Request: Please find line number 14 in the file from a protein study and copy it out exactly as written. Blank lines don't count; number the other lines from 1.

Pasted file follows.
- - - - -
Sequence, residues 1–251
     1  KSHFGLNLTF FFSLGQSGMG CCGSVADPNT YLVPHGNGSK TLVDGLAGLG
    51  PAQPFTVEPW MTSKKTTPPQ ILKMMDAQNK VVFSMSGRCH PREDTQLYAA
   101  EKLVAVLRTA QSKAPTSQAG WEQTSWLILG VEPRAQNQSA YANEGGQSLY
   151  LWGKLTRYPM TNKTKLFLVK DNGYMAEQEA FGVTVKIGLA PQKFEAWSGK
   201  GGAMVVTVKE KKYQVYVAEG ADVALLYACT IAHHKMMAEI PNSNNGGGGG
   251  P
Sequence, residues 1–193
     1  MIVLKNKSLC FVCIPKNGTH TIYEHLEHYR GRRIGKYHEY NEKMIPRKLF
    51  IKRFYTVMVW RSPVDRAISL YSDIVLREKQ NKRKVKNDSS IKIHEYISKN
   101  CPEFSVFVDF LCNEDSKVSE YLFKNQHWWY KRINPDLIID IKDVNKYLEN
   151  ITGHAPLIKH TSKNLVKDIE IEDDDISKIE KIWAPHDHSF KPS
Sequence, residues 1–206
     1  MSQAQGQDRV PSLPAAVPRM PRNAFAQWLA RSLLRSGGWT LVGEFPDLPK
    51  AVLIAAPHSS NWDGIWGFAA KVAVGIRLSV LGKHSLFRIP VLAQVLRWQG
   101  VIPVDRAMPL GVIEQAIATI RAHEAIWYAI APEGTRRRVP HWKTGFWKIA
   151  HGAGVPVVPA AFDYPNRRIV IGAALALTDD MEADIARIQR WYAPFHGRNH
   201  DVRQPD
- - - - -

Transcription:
     1  MSQAQGQDRV PSLPAAVPRM PRNAFAQWLA RSLLRSGGWT LVGEFPDLPK